Green open access involves making work, often a version of a published article, openly available through a repository. A variety of platforms are available, including disciplinary repositories (e.g.ArXiv, PubMed Central) and institutional repositories hosted by a university or organization. The benefit of green open access is that scholars can make any of their works available, not just those published in open access journals, avoiding the potential costs of doing so. Challenges associated with green open access involve the ability of the author to retain the necessary copyright permissions to share their work, publisher restrictions regarding the version of the article (pre-print or post-print) that can be shared, and the perpetuation of traditional publishing models.
Discipline or subject repositories are online archives designed to preserve, organize, and disseminate research either centered on a single discipline (e.g biology or physics) or multi-disciplinary (e.g. life sciences or humanities). Material is deposited by researchers throughout the world to be freely accessible with limited restrictions. Some examples of subject repositories include:
Institutional repositories are digital collections managed by a university or research organization. Institutional repositories serve a variety of valuable roles, including supporting open access through collecting and sharing an institution's scholarly output. In addition to hosting student work, and various special collections, the Belmont Digital Repository supports open access and the university's scholars, allowing for the discovery of the creative and scholarly output of Belmont.
As an example, the College of Law faculty have utilized the Belmont Digital Repository to host the Law Faculty Scholarship.
*If your college or department would like to create a similar collection, please contact: firstname.lastname@example.org
For authors to archive their work in a repository they must retain the appropriate copyright permissions. Authors publishing in traditional journals often relinquish their rights to control the dissemination of and access to their work. Many publishers already have established policies permitting authors to archive their work as a part of their standard publishing agreement. Authors may consult SHERPA/RoMEO to determine a publisher's standard policy for self-archiving, and if you are unsure, please consult your liaison librarian.
Copyright Transfer Agreements
When publishing an article, you should scrutinize the copyright transfer agreement to ensure that you retain certain rights that will allow you to use and share your work. Transferring your copyright to the publisher may prevent or limit your ability to:
You don't have to transfer your rights to get published! You can negotiate with the publisher to retain certain rights with an author addendum. Learn more:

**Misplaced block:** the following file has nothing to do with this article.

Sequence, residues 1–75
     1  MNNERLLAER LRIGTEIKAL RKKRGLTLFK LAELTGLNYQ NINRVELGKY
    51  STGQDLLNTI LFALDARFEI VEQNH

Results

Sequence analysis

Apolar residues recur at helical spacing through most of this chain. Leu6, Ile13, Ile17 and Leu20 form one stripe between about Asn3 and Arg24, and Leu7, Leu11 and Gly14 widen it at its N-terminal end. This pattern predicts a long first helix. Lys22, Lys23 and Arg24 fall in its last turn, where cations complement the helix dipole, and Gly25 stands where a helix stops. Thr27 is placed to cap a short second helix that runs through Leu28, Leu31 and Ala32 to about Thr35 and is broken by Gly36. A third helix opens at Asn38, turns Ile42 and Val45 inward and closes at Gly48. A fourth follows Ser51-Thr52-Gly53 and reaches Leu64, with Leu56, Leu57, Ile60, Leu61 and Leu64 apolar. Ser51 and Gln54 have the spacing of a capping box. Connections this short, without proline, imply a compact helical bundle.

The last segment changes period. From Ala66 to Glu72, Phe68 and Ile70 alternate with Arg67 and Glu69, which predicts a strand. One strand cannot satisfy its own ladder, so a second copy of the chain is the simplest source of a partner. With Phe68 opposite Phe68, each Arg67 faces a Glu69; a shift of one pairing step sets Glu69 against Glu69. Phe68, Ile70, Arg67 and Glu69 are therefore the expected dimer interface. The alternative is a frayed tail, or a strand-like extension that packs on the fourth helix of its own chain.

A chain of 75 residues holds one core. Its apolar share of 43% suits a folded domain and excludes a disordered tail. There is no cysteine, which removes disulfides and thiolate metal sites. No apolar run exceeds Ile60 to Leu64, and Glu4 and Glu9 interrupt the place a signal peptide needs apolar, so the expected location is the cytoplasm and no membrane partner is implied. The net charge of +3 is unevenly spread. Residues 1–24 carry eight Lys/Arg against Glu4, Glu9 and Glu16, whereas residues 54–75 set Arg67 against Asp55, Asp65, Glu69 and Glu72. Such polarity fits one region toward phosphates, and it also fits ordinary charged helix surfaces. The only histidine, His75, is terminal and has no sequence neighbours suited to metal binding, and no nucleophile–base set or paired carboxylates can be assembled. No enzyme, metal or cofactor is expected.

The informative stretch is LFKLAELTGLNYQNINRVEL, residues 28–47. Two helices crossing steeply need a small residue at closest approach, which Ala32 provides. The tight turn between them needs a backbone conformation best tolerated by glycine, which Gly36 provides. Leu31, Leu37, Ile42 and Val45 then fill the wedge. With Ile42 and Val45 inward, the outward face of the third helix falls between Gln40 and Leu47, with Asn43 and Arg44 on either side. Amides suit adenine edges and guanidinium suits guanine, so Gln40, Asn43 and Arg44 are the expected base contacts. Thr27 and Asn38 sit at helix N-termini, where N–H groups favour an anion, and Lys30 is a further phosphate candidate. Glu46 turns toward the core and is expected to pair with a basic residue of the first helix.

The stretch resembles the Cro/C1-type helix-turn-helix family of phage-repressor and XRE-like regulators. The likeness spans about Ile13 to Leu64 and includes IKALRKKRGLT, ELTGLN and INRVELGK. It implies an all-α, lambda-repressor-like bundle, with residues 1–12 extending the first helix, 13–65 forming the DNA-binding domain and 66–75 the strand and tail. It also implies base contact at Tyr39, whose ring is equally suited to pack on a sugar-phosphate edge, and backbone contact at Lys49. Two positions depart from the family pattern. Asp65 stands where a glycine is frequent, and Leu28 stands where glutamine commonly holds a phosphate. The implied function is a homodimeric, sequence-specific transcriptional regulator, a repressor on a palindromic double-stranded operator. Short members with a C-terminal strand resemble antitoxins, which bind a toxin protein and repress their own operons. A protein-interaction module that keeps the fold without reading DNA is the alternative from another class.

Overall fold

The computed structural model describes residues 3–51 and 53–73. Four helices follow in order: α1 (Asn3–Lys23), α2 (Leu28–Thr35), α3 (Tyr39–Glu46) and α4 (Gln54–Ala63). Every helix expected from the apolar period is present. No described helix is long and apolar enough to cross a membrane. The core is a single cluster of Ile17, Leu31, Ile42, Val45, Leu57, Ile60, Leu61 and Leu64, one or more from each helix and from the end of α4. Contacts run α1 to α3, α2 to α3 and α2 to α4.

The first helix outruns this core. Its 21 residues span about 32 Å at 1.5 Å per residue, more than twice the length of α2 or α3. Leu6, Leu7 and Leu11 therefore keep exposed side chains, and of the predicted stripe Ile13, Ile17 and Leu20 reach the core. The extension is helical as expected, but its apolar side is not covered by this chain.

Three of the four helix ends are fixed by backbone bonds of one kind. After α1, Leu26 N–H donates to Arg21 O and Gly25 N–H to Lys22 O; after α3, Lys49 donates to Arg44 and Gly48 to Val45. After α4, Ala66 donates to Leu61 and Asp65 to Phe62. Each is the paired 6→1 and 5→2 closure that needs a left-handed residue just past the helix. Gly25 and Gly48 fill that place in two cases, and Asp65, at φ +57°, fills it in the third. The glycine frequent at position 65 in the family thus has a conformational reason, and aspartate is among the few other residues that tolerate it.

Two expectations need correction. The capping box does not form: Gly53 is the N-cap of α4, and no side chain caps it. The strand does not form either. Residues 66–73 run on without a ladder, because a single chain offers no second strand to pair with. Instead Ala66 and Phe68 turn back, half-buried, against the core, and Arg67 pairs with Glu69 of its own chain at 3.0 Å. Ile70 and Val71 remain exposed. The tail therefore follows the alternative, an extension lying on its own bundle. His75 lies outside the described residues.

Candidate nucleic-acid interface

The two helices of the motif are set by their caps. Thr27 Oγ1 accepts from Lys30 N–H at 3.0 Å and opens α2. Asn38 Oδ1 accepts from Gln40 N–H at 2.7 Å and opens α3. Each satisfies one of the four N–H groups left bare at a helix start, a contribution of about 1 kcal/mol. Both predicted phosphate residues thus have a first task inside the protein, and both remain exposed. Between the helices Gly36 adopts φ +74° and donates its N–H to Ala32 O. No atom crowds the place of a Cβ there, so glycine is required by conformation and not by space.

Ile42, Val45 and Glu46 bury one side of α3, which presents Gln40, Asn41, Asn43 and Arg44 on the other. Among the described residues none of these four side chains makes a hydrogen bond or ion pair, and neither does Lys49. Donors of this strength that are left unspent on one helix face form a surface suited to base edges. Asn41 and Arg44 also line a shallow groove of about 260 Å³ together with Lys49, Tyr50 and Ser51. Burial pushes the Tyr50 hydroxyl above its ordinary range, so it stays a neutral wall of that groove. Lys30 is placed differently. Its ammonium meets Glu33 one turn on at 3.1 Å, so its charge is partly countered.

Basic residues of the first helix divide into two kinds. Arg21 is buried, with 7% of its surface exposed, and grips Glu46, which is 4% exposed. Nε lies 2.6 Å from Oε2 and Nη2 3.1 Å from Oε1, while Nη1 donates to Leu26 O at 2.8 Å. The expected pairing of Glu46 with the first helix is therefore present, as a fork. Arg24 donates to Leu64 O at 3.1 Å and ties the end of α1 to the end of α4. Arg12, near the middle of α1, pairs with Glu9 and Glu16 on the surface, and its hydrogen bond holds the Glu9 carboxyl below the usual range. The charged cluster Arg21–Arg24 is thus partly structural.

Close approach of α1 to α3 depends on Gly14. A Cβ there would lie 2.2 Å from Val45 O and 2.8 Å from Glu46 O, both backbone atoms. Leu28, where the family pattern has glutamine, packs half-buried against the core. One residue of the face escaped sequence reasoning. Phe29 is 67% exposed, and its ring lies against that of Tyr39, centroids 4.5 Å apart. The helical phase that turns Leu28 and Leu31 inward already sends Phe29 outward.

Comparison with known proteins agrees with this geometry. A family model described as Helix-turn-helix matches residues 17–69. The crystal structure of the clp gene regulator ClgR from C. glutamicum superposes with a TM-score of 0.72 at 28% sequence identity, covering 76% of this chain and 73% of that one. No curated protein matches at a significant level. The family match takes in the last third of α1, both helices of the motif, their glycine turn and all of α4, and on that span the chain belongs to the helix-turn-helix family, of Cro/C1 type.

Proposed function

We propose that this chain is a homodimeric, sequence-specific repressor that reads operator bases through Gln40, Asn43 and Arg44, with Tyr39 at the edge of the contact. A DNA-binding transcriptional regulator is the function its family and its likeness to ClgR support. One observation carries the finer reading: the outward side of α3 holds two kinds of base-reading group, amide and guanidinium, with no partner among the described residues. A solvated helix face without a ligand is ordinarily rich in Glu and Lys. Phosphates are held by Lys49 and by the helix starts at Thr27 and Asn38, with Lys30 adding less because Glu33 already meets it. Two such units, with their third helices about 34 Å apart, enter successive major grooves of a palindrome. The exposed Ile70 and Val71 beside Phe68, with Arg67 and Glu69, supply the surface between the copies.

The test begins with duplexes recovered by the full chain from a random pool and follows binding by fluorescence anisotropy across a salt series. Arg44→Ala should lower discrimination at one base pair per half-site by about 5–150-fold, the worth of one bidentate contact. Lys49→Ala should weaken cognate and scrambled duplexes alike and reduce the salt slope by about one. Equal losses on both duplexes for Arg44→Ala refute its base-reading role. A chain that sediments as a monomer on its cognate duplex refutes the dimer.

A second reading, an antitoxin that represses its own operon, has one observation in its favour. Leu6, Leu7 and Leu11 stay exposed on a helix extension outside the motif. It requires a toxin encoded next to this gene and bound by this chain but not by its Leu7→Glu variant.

Publishers often make distinctions between three primary versions of a manuscript when detailing the archive or deposit rights retained by authors: the pre-print, the post-print and the publishers version.
Pre-print – A pre-print is the original version of the manuscript as it is submitted to a journal. While the authors may have sought help from their colleagues in selecting data analysis techniques, improving manuscript clarity, and correcting grammar, the pre-print has not been through a process of peer review. It typically looks like a term paper – a double spaced .doc file with minimal formatting.
Post-print – A post-print is a document that has been through the peer review process and incorporated reviewers comments. It is the final version of the paper before it is sent off the the journal for publication. It may be missing a final copyedit (if the journal still does that) and won’t be formatted to look like the journal. It still looks like the double spaced .doc file. Sometimes, the term “pre-print” is used interchangeably with “post-print,” but when it comes to permissions issues, it is important to clarify which version of a manuscript is being discussed.
Publishers version/PDF – This is the version of record that is published on the publishers website. It will look quite spiffy, having been professionally typeset by the publisher. Library databases will link to this version of the paper.
Generally speaking, publishers are more likely to be okay with authors posting copies of pre-print versus other manuscript versions. But each journal is different, and authors need to be aware of what they can do. The copyright transfer agreement is the best place to find this information.
Creative Commons is a non-profit organization that promotes the sharing of knowledge by providing creative commons licenses, a free, standardized way to grant copyright permissions for creative and academic works.
Publishers may include a creative commons license as part of the copyright transfer agreement, and authors may even be able to choose the CC license in some cases.
From Technology Enhanced Learning Blog http://www.dontwasteyourtime.co.uk/elearning/creative-commons-infographic-licenses-explained/